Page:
Out with plain ol’ all-purpose flour, in with happenin’ flour substitutes. It seems like everyone is baking with ancient grains and other fake flours—but are they really worth it?
“Alternative flours can be used as substitutes for regular wheat flour if you have an allergy or intolerance to wheat flour, or if you just want to add more variety to your diet” says Abby Langer, RD.
These flour substitutes are typically made with foods like almonds, coconut, or even beans that are ground up to resemble the texture and consistency of flour. And Langer says they can add different nutrients (as well as slightly different flavors) to your cooking. “Almond flour, which is one of my favorites, has more protein than all-purpose wheat flour and gives a nutty flavor,” she says.
One thing to note: Since flour substitutes aren’t quite the same texture-wise as flour (duh), you usually can’t do a straight swap in gluten-free baking, Langer says. You might have to do a little math ~shudders~ to get that conversion right. “I recommend that you research the substitution ratios for alternative flour before using it in a recipe that’s meant for regular flour,” Langer says. You’ll often find this information on the back of the package of alterna-flour you want to use.
These are the best flour substitutes, according to nutritionists.
You’re already a fan of nut butters, now it’s time to give nut flour a go. When baking, sub in two cups of blanched flour for every one cup of white to score a nutty, sweet flavor that’s perfect for treats. It’s a solid source of calcium and magnesium (the latter helps you absorb the former). Use unblanched (meaning the skins haven’t been removed) for “breading” on chicken or fish.
Per 1/4 cup serving: 150 calories, 10 g fat (1 g saturated), 9 g carbs, 1 g sugar, 0 mg sodium, 1 g fiber, 7 g protein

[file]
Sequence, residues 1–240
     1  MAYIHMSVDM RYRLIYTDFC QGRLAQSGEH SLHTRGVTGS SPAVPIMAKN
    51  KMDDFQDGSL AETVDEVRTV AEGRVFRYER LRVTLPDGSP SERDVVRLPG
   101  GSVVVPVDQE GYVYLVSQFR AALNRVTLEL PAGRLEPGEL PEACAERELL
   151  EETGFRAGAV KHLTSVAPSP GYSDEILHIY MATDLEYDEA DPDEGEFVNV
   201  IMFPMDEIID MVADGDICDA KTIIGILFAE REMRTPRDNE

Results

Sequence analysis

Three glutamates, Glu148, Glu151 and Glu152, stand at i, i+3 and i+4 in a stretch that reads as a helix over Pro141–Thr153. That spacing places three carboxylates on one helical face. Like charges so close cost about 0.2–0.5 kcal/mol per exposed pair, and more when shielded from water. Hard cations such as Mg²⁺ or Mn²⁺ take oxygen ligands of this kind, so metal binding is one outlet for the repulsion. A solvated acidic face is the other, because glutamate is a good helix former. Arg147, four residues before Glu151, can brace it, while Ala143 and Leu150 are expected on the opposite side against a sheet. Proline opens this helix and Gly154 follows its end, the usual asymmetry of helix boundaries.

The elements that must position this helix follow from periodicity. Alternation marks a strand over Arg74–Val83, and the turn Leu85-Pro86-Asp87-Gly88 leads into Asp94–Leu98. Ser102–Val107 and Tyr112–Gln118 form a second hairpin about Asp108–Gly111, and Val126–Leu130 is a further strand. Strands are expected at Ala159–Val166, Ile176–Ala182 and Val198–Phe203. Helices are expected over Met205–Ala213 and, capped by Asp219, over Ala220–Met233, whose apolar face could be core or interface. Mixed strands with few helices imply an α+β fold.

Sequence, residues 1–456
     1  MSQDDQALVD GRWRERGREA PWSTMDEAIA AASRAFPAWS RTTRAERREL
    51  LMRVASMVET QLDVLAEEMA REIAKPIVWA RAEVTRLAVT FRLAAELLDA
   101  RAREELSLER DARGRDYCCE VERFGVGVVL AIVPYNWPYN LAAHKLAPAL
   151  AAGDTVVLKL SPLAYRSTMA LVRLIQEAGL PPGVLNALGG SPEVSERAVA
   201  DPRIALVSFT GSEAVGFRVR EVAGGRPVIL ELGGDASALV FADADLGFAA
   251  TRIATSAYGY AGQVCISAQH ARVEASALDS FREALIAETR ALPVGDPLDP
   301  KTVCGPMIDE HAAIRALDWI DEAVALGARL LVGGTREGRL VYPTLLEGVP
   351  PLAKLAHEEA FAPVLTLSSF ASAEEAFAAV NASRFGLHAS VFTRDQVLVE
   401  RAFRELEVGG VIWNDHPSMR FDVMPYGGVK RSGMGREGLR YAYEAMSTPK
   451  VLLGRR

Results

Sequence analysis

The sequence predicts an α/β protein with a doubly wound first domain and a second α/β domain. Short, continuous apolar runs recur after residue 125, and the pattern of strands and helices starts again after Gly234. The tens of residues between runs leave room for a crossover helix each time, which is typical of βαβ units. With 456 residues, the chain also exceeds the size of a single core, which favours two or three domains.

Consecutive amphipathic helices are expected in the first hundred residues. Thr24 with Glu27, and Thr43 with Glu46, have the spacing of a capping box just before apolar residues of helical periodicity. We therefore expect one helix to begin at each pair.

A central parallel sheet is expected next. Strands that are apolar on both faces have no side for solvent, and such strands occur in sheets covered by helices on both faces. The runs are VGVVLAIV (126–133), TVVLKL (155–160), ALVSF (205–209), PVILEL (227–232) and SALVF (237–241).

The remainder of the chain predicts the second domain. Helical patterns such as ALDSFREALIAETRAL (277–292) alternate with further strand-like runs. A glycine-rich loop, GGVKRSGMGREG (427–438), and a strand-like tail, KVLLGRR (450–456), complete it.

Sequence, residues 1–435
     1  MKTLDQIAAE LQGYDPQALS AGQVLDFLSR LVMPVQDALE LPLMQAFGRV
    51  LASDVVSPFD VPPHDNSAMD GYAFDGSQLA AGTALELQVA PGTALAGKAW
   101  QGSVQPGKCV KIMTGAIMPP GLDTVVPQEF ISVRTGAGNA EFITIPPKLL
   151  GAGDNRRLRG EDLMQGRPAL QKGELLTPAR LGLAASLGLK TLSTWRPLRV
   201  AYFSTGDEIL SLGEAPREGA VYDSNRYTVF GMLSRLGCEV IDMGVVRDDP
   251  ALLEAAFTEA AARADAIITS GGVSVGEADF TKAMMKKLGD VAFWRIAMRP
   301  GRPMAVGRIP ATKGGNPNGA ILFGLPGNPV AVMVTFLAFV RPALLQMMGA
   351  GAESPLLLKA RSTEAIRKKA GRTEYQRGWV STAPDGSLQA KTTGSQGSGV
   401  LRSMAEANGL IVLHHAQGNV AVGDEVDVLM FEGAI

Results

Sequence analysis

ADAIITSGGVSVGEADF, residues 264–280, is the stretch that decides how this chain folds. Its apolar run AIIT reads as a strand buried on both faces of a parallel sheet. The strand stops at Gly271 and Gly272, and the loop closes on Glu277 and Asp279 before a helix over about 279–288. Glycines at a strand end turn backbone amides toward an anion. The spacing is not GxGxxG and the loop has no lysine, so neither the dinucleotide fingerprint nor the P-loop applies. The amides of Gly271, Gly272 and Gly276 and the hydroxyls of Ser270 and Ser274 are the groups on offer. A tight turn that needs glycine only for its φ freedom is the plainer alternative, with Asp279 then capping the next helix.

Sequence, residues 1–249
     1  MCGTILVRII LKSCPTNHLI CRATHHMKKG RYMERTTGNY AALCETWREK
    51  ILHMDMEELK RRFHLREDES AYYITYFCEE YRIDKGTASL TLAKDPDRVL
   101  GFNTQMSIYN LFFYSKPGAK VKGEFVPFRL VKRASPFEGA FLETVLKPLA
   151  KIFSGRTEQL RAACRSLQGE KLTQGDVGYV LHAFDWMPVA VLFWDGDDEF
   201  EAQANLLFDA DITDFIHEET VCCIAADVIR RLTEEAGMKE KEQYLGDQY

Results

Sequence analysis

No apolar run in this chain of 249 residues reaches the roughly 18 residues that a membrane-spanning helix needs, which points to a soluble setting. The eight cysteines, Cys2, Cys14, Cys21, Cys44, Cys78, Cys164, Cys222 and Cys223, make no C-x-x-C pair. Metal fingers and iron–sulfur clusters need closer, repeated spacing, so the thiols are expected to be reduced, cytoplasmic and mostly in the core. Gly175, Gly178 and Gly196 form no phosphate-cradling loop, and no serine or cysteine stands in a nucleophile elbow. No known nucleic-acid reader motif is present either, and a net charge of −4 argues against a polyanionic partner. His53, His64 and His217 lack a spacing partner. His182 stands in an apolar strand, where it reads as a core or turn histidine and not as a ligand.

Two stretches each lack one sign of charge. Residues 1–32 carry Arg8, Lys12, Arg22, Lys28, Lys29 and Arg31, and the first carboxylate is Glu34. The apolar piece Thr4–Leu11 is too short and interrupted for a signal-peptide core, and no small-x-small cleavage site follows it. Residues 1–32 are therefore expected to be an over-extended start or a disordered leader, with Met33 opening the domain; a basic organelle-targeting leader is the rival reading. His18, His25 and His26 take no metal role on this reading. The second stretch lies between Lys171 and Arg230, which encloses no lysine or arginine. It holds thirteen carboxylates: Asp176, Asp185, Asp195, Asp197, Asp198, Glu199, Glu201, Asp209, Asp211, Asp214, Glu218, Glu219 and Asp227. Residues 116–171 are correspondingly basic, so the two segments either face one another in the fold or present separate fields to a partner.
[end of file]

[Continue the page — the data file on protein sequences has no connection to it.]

Fans of keto and paleo diets, rejoice! This slightly tropical tasting powder is low in carbs, meaning it can help prevent your blood sugar from spiking and keep your appetite in check (read: free of hunger swings). Because it’s super absorbent, however, you can’t substitute it one-to-one for other flours. For example, you can bake a whole loaf of banana bread with just a half-cup of coconut flour, explains Desiree Nielsen, RD, author of Un-Junk Your Diet. She recommends looking for recipes that specifically list coconut flour.
Per 3 tbsp serving: 90 calories, 3 g fat (0 g saturated), 9 g carbs, 1 g sugar, 0 mg sodium, 8 g fiber, 15 g protein
This ancient grain is a variety of wheat, so it contains gluten, but fewer of the hard-to-digest carbs called fructans. As such, it’s a better option for those who avoid gluten but don’t have celiac disease. Unlike gluten-free flours, spelt offers a hearty and fibrous bite for doughy things like pizza crust.
Per 1/4 cup serving: 110 calories, 1 g fat (0 g saturated), 23 g carbs, >1 g sugar, 0 mg sodium, 2 g fiber, 5 g protein
Banana’s cousin injects sweets like pancakes with a tangy, complex note. Plus, the flour substitute is higher in resistant starch than regular flour, which doesn’t totally break down in the body, so you feel fuller longer. Since it’s dense and grain-free, you may need a half teaspoon of baking soda for cakes to rise.
Per 1/4 cup serving: 90 calories, 0 g fat (0 g saturated), 31 g carbs, 1 g sugar, 10 mg sodium, 2 g fiber, 1 g protein
Protein-packed (about 28 grams per cup!) and high in fiber, this gluten-free powder stars in savory dishes thanks to an earthy flavor from its bean roots. Swap it in for white flour when you’re preparing meatballs or veggie burgers—all that protein makes for a super strong food-binding agent.